• Labor News Alert

    DOL Addresses the Definition of "Healthcare Provider" With New FFCRA Regulations

    September 15, 2020
    As you know from following our alerts and blog (read previous article here) a federal district court recently ruled that portions of the April 2020 regulations from the Department of Labor (DOL) implementing the Families First Coronavirus Response Act (FFCRA) were overly broad and invalid. This ruling left a vacuum with no clear guidance on the state of the law. On Friday, September 11, 2020, the DOL issued new guidance addressing the federal court’s criticisms of the previous rules. The DOL left some rules in place with clarification and additional explanation, and it modified some of the rules, in particular the definition of “healthcare provider.”
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  • Coronavirus Alert

    Healthcare Providers May Not Be Able to Deny FFCRA Leave to All Employees, According to NY Court

    August 31, 2020
    Earlier this month, the United States District Court for the Southern District of New York struck down the Department of Labor’s (DOL) definition of “health care provider” as promulgated in the regulations implementing the Families First Coronavirus Response Act (FFCRA). See State of New York v. United States Department of Labor. In this case, the State of New York sued the DOL claiming that several provisions of the regulations implementing the FFCRA violated the Administrative Procedures Act.
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  • Labor & Employment

    Government Paves The Way For Unemployed Arkansans to Receive An Extra $300 Weekly in Benefits

    August 20, 2020
    On Wednesday, Governor Hutchinson announced that Arkansas will submit an application to the Federal Emergency Management Agency (FEMA), paving the way for Arkansans to receive an extra $300 per week in unemployment benefits through the end of the year. The state legislature approved the application on August 18, but it still needs to go through the legislative council for final approval. And FEMA must approve the application before any supplemental benefit payments can be made.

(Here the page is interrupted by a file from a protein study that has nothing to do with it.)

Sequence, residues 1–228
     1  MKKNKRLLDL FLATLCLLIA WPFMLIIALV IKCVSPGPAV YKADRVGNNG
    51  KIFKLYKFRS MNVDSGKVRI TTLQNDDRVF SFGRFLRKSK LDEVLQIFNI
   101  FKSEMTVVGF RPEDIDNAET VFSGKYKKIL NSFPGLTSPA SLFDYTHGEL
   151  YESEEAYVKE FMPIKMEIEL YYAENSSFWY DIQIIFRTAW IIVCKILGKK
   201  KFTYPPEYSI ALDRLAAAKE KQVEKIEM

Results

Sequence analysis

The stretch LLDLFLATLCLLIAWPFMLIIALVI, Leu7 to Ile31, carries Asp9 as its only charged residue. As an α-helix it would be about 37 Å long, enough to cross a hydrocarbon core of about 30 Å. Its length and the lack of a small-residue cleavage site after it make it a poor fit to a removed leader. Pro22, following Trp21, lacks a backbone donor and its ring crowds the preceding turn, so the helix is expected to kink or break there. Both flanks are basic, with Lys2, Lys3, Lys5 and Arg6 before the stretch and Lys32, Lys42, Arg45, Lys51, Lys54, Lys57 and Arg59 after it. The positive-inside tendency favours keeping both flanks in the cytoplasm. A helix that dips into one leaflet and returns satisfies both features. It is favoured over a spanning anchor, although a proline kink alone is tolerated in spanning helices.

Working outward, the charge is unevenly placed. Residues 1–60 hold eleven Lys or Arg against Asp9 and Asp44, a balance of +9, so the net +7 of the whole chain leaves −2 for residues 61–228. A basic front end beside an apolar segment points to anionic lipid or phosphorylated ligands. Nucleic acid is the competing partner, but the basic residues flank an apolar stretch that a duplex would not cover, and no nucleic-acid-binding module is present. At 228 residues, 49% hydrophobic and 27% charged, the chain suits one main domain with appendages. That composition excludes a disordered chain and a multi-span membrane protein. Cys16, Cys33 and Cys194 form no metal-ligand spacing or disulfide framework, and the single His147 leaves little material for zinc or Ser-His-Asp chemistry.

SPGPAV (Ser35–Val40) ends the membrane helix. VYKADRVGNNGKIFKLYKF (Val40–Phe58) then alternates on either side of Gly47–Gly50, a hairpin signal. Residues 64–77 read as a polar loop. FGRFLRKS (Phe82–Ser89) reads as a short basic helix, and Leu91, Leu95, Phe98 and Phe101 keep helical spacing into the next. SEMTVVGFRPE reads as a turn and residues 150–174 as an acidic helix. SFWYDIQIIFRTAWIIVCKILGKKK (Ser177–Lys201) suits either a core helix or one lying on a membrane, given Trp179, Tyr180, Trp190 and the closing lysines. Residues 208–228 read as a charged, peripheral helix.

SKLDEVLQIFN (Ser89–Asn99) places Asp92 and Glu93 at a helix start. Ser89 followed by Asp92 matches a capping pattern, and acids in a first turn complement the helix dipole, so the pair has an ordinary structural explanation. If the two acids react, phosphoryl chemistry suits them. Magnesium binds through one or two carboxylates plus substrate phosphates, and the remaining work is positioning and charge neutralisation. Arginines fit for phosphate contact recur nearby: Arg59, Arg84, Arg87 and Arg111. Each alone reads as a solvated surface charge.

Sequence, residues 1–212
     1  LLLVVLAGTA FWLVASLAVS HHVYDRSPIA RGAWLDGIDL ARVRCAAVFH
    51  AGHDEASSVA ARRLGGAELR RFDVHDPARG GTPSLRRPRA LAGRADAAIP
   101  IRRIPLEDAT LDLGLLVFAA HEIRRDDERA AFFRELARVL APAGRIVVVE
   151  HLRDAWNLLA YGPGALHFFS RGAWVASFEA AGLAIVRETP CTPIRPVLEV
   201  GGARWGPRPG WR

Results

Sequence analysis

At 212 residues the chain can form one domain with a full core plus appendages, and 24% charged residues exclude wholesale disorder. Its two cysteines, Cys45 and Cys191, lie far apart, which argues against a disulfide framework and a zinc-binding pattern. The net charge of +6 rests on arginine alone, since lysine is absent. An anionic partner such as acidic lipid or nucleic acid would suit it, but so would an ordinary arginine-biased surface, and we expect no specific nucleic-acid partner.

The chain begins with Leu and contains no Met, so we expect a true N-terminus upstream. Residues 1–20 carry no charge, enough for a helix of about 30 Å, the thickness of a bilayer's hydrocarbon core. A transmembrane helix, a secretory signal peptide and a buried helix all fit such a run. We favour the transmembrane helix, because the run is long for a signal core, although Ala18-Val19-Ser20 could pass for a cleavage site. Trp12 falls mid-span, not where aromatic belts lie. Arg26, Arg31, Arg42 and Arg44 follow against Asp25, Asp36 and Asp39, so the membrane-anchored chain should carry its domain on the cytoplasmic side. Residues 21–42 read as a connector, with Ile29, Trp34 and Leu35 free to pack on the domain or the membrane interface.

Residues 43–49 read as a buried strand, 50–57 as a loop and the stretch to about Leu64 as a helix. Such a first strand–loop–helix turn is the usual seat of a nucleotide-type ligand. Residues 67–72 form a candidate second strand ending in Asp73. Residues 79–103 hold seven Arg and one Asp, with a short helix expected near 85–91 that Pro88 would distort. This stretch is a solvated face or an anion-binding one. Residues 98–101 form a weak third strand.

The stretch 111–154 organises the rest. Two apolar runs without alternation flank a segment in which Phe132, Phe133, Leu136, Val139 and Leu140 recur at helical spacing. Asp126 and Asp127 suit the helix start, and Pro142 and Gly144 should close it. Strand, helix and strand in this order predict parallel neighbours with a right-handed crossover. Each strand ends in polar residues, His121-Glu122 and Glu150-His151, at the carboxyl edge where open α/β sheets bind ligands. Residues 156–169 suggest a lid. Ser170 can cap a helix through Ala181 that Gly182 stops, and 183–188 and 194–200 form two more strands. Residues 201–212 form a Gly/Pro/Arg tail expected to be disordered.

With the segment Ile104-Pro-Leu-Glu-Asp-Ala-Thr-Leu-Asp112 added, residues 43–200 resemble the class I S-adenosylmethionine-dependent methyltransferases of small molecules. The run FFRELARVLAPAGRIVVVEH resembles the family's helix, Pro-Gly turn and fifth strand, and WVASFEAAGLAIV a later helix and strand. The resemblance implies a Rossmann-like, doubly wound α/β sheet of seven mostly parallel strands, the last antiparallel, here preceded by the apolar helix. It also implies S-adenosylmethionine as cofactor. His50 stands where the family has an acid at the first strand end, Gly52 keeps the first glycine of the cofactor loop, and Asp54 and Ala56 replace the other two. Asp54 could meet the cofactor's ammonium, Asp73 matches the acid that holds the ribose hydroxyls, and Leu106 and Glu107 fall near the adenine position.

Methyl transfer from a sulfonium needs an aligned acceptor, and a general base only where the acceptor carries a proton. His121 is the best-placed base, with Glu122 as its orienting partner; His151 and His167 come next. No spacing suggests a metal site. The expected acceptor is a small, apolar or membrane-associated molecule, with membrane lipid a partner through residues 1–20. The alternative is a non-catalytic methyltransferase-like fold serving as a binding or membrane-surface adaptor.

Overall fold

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  • Coronavirus Alert

    ADH Mandates a 14-day Quarantine After Exposure

    August 7, 2020
    The Arkansas Department of Health (ADH) recently announced that it will require a 14-day home quarantine for anyone who has been exposed to COVID-19.
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  • Coronavirus News Alert

    Work-Search Requirements to be Reinstated; Unemployment Fraud on the Rise

    July 7, 2020
    The Arkansas Division of Workforce Services (DWS) recently announced that starting June 28, the work-search requirement for unemployment benefits is once again in effect. DWS had waived the requirement in March in the wake of the COVID-19 pandemic. As part of the job-search requirement, individuals receiving unemployment benefits must make two to three job contacts each week depending on where in the state they live. The work-search requirement also applies to individuals receiving Pandemic Unemployment Assistance (PUA), except for those who are self-employed. Self-employed PUA claimants must be engaged in activities designed to resume their usual self-employment and should enter the number of days each week that they were engaged in activities designed to resume their usual self-employment. Individuals receiving Extended Benefits have enhanced work-search requirements and must make three to four job contacts each week depending on where in the state they live.
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  • Guy Alton Wade

    Guy Alton Wade

    Governor Passes Executive Order Clarifying Workers' Compensation Law

    June 17, 2020
    Governor Asa Hutchinson issued three Executive Orders on Monday, June 15, 2020, in response to the public health crisis posed by COVID-19. Below is a summary of Executive Order 20-35. The purpose of Executive Order 20-35 is to clarify and provide sufficient recourse under the Workers’ Compensation Law for claims related to COVID-19.
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  • Coronavirus Alert

    How the Shared Work Program Could Benefit Employers and Employees Mutually

    May 7, 2020
    We have found the Shared Work Program to be very beneficial for employers and employees. The program allows employers to reduce hours by 10 to 40 percent. The employee receives part wages from his employer, an amount of state unemployment benefits that corresponds to the reduced hours, and the $600 weekly unemployment benefit through the end of July. As a result in most cases, employees are made whole. At the same time, employers are able to keep their employees close so they can be called back to work full-time when needed. The added bonus for employers is that participation in the Program does not impact their experience ratings.
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